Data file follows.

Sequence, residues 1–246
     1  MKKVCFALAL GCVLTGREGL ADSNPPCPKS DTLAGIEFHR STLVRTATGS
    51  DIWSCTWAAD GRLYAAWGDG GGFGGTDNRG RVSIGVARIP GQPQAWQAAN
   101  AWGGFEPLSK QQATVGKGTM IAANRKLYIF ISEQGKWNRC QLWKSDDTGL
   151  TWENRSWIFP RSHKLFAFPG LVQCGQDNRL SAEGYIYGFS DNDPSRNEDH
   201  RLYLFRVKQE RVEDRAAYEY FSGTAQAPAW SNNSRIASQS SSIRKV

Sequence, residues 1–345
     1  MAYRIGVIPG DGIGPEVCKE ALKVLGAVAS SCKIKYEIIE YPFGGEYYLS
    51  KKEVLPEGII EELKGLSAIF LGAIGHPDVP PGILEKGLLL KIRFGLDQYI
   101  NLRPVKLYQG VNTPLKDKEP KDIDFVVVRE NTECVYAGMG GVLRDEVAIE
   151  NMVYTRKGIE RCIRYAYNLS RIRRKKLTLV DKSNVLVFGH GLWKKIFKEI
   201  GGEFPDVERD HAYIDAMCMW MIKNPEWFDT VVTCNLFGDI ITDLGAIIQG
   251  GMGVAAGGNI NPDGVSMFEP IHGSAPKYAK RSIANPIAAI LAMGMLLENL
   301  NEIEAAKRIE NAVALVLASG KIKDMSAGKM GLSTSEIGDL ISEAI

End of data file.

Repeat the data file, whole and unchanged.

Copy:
Sequence, residues 1–246
     1  MKKVCFALAL GCVLTGREGL ADSNPPCPKS DTLAGIEFHR STLVRTATGS
    51  DIWSCTWAAD GRLYAAWGDG GGFGGTDNRG RVSIGVARIP GQPQAWQAAN
   101  AWGGFEPLSK QQATVGKGTM IAANRKLYIF ISEQGKWNRC QLWKSDDTGL
   151  TWENRSWIFP RSHKLFAFPG LVQCGQDNRL SAEGYIYGFS DNDPSRNEDH
   201  RLYLFRVKQE RVEDRAAYEY FSGTAQAPAW SNNSRIASQS SSIRKV

Sequence, residues 1–345
     1  MAYRIGVIPG DGIGPEVCKE ALKVLGAVAS SCKIKYEIIE YPFGGEYYLS
    51  KKEVLPEGII EELKGLSAIF LGAIGHPDVP PGILEKGLLL KIRFGLDQYI
   101  NLRPVKLYQG VNTPLKDKEP KDIDFVVVRE NTECVYAGMG GVLRDEVAIE
   151  NMVYTRKGIE RCIRYAYNLS RIRRKKLTLV DKSNVLVFGH GLWKKIFKEI
   201  GGEFPDVERD HAYIDAMCMW MIKNPEWFDT VVTCNLFGDI ITDLGAIIQG
   251  GMGVAAGGNI NPDGVSMFEP IHGSAPKYAK RSIANPIAAI LAMGMLLENL
   301  NEIEAAKRIE NAVALVLASG KIKDMSAGKM GLSTSEIGDL ISEAI